For Morel, one small scene demonstrates how scrupulously Spielberg and screenwriter Tony Kushner did their homework.

“With all the scenes that must have been left on the cutting-room floor, they included this little interlude where Lincoln is talking to telegraph operators from the War Department about the concept of self evidence in Euclid’s geometry,” Morel said. “That the filmmakers would think to include that is, in my view, really remarkable, because it is so very telling about Lincoln’s turn of mind.

“Here’s a man who had less than a year’s schooling in his life but who was an autodidact, who taught himself over and over. He trained his mind because he wanted to get off the farm. We have it in Lincoln’s writing that, as a congressman, he read Euclid’s Elements. Learning Euclid as a congressman, rather than reading, say, the Federalist Papers, was Lincoln’s way of sharpening his best tool. Kushner found the right telling examples. I’ve read more than my share of Lincoln, and this is fine, fine work.”

In Morel’s experience, some historical movies can be so conscientious about accuracy that they forget to tell a good story. In contrast, he points to the opening scene of “Lincoln.” “That first scene, with Lincoln talking to white and black soldiers, never happened,” Morel said. “But it’s still true in the sense that it showed the diversity of the soldiers’ admiration for President Lincoln — especially the black soldiers.”

While some commentators have lamented the absence of abolitionist Frederick Douglass from the film, Morel thinks that such a cameo appearance in a movie focusing on the 13th Amendment would have marginalized Douglass’ long-standing contributions to America’s progress. “There’s no question that Frederick Douglass deserves his own movie,” he said.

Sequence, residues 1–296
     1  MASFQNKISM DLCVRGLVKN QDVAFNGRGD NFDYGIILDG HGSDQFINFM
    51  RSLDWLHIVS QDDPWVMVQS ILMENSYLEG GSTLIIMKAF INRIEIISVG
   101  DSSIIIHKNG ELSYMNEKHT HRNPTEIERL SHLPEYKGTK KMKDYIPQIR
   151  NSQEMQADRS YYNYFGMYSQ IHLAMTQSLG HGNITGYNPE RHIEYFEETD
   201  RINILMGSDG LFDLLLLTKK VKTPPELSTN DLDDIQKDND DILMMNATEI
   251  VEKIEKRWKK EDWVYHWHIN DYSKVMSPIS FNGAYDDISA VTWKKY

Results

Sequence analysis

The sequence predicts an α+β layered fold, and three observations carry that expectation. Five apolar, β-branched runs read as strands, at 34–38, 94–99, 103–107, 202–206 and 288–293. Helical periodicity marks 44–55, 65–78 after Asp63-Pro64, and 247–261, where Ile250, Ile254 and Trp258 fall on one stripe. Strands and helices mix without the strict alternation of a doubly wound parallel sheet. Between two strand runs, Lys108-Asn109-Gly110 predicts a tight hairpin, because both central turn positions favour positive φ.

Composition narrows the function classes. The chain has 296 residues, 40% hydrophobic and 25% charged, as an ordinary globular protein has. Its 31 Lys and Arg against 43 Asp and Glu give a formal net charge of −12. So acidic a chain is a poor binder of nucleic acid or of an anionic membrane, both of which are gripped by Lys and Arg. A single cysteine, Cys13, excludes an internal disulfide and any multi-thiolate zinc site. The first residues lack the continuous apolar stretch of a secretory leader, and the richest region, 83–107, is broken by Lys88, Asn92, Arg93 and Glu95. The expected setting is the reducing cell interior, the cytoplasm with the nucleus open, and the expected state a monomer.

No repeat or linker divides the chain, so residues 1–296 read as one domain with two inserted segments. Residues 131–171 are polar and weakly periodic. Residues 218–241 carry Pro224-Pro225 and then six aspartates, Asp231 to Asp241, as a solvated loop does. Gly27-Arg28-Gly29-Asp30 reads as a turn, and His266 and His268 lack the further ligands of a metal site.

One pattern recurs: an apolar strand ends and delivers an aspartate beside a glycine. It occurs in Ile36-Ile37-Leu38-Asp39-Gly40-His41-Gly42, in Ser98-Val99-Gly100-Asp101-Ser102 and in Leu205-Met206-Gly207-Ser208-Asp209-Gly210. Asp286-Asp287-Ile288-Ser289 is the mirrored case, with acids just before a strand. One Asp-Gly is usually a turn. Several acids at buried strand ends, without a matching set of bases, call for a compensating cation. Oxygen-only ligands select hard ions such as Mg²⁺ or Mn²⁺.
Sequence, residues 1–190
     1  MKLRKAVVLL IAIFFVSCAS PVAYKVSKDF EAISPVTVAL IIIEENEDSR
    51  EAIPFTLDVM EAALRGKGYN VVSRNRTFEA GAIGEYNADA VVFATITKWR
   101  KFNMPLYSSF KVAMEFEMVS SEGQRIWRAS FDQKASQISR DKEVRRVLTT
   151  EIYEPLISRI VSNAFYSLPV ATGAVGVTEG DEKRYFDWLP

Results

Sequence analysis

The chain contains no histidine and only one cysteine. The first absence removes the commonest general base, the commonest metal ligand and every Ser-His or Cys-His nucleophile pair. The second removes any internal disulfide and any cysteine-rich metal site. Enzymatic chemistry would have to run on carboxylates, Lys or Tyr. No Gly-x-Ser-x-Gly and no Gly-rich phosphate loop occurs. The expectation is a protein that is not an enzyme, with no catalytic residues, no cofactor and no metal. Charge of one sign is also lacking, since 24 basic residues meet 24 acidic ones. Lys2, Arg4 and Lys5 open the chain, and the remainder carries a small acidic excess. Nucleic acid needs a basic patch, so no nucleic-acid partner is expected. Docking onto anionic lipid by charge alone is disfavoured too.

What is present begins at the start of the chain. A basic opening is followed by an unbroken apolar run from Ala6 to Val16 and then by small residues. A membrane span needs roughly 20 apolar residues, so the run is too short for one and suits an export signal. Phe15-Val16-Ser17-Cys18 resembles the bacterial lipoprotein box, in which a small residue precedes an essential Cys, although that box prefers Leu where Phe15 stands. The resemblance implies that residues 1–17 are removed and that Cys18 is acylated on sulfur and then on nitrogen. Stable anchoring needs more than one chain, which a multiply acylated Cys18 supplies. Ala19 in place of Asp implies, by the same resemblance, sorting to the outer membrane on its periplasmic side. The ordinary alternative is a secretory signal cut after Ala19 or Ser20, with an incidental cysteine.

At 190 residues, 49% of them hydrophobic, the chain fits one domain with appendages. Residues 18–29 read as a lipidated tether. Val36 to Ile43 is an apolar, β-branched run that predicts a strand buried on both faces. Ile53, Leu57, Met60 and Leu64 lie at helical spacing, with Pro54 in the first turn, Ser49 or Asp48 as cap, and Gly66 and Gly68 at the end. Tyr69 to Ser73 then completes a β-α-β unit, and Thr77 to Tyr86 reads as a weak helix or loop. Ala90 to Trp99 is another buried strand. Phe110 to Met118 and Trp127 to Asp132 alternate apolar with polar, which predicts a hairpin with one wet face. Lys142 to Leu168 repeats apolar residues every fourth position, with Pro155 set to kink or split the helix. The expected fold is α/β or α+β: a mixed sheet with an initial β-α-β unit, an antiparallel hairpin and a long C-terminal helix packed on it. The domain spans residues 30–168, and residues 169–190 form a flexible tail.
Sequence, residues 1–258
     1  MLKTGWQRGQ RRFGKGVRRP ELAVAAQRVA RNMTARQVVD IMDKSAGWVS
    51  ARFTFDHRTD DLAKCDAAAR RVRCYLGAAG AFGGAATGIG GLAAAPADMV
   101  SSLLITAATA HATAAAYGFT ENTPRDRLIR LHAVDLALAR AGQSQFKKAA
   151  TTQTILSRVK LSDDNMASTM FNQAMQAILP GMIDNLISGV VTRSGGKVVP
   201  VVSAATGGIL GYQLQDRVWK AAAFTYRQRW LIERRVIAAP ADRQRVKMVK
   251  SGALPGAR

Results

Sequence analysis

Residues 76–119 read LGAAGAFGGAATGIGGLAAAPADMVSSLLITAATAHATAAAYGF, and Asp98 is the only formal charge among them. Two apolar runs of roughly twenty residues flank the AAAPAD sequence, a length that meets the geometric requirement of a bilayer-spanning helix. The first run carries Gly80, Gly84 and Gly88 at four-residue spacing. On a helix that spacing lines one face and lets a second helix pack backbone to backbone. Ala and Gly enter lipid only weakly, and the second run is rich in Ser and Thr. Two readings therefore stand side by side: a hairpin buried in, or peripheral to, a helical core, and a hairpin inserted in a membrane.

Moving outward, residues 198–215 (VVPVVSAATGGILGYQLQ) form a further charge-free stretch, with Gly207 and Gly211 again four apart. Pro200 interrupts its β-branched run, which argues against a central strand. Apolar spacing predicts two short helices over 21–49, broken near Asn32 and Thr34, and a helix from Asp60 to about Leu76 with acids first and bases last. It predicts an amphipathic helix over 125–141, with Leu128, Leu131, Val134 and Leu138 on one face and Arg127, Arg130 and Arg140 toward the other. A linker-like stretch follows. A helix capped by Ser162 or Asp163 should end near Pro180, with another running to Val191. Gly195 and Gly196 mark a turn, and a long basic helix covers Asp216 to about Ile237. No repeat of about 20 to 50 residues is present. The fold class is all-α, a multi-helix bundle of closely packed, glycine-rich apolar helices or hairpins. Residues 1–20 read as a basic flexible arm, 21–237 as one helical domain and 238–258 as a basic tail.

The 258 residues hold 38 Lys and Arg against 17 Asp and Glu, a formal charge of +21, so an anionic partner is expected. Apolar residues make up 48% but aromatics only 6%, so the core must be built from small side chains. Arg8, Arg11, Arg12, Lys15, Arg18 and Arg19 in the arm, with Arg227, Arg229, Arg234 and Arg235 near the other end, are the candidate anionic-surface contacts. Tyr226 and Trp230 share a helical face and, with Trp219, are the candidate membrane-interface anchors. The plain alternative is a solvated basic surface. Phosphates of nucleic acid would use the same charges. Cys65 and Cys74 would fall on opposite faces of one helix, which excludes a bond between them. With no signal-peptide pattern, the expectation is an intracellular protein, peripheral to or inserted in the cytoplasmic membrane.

By focusing on the last four months of Lincoln’s life, noted Morel, the movie is able to portray Lincoln as both the great emancipator and the preserver of the Union. It does this by setting up the choice that Lincoln had to make: end the Civil War soon, or get the 13th Amendment passed.

“I think Spielberg and Kushner do a very good job of showing Lincoln trying to do both of these things — trying to get that amendment passed, especially getting it passed before the war is over, so that when the war is over, slavery is on its way out,” said Morel.

Morel is not the least surprised that the movie has created a significant buzz and drawn big crowds. In fact, he missed his first chance at seeing it because the showing was sold out.

What is it about Lincoln that makes him a draw today? Unlike the other popular president, George Washington, it’s impossible to be neutral about Lincoln, Morel said, adding that Lincoln remains a lightning rod for public opinion. He has critics on both sides of the political spectrum, right and left.